Working under someone for the better part of your adult life isn't an appealing situation for some people. Not only this, but also being the boss but having to conform and have your decision delegated by a business model that’s not your own or one you truly believe in, is also not too pleasing.
But you still need to make a living and a difference so how do you do that? Become your own boss? Okay, but how does one do that without becoming lazy and risking everything?
Start with the bank
As the saying goes “you need money to make money”. So, start with the bank and financial situation of this going-alone business. Are you currently in a financial position to attempt this journey of being your own boss and struggling through a good few months before “profit” becomes a term you’re acquainted with?
Figure out a timeline with exact amounts of how much money you’re going to need to make by those points in time. If you still want to be able to cover your financial responsibilities and maintain your current lifestyle. This will also give you a good idea of how successful you are based on meeting targets or not and you’ll quickly realise if it’s a business venture worth exploring right now.
And don’t skimp on something like safety, for example, just to get a few extra bucks in your salary at the end of the month. Finance what’s important to your business before your salary. If you need to implement a secure entrance like sliding doors in your office at home to protect your business assets, then do it (Turnstar can help you out there ). Don’t compromise, otherwise, you’re likely to lose a lot more money than bargained for.
A matter of “you”
With the monies in order, it becomes a matter of “you”. A matter of whether you possess the kinds of attributes associated and required by self-boss status in order to be successful. Are you capable of managing more than one task at a time? Do you tend to become overwhelmed by mountains of work (which you will most certainly have – especially starting out)? Are you responsible enough when it comes to managing money, time and tasks?
It takes a lot of perseverance, motivation and discipline to be your own boss and to be good at it. You’ll need to deal with the fact that most of your personal time and energy will be put into your business after hours as well and it will take a long time to get into a comfortable and balanced life/work lifestyle. And not only you, but your family, friends and partner will need to understand this as well.
Seek and value support
It is going to be a tough time getting used to being in the boss’ shoes and like a kid trying on their parent’s shoes, it’s going to take time but you will eventually grow into it. So, for this reason, it’s important to seek support from fellow professionals and family, as well as value that support.
Find someone to bounce business ideas off of, to talk about financial decisions to (if that isn’t your best department) and find someone to keep you motivated when the days are long and draining.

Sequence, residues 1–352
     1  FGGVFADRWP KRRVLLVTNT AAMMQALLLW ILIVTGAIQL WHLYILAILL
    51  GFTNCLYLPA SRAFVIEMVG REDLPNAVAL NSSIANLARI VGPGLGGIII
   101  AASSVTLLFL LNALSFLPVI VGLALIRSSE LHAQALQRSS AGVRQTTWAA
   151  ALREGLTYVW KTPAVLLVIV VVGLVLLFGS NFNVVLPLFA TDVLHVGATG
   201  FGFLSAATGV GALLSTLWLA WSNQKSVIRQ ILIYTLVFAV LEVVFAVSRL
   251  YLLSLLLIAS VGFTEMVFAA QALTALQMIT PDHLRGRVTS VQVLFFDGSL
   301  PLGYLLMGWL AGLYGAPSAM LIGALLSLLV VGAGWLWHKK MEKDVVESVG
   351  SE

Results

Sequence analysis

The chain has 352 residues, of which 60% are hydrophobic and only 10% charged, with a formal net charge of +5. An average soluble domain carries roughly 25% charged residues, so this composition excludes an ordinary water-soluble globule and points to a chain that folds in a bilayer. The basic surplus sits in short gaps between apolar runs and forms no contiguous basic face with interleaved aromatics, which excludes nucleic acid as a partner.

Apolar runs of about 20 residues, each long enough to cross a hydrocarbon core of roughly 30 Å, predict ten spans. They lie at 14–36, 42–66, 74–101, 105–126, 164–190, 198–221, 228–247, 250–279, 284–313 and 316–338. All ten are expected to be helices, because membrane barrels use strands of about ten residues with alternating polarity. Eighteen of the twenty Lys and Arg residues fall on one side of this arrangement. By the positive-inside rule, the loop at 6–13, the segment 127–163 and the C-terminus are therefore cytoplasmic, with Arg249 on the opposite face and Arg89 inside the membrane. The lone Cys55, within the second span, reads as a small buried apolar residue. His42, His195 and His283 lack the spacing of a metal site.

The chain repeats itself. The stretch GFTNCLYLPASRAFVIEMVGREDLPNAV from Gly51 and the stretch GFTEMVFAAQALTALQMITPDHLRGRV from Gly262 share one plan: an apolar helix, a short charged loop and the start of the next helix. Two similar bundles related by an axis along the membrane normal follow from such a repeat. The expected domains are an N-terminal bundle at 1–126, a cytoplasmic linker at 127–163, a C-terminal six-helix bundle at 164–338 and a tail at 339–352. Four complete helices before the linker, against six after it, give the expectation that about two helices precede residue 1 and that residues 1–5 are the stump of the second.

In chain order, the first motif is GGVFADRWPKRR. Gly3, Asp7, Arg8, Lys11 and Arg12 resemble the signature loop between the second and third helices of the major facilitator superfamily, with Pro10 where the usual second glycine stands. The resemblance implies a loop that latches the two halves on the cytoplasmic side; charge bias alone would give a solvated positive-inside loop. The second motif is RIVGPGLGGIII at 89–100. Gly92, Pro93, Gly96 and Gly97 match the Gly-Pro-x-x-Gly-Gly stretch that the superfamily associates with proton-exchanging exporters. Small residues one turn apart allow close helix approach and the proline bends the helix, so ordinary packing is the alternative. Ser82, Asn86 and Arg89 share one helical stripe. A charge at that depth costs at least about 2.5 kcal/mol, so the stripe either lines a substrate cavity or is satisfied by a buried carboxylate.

Don’t be stubborn and determined to do this entirely on your own because you will burnout quickly and you’ll be missing out on business relationships that could have, otherwise, been beneficial for your business.
Have to be the boss of something
Now that you know what it takes and have a support system with a balance of some personal and professional opinions, it’s time to find something to be the boss of and be great at. This is essentially the job you will and want to be doing. You have the opportunity to do something that interests you, that you’re good at and that you love. This way, essentially, you never truly have to “work” for the rest of your career.
Figure out the line of work that is specific to the details of your responsibilities within that field, your target client market and your plan of operations.
Ease into it
Everything you need and need to know is there, but you’re still at your old job “working for the man”. That’s not the worst of positions to be in.
Easing into your new position as the boss and owning a new business gives you the opportunity to fine tune while you’re still cashing in a stable income. Recommendations? Start out part-time and test the waters, build it up to a substantial business with viable profitability and then send in your letter of resignation and take it up full time.
And when the time does come to leave, do so carefully. You don’t want to damage any relationships that may provide credibility for you and your business. And, who knows, maybe your new venture can serve a purpose in your old company and you gain a new client with an already-established relationship.
“Beggars can’t be choosers.” You wanted out from under the corporate thumb, but you’re not going to get a bucket-load of business on the first day. Unless a potential client really proves a legal or ethical issue, you need to be welcoming any and all business that comes your way.
Don’t be greedy and scour for all the large projects, rather accumulate more regular and smaller projects. Do whatever you need to do to keep the work flow flowing. Yes, you’ll be extremely busy, but it will all be worth it.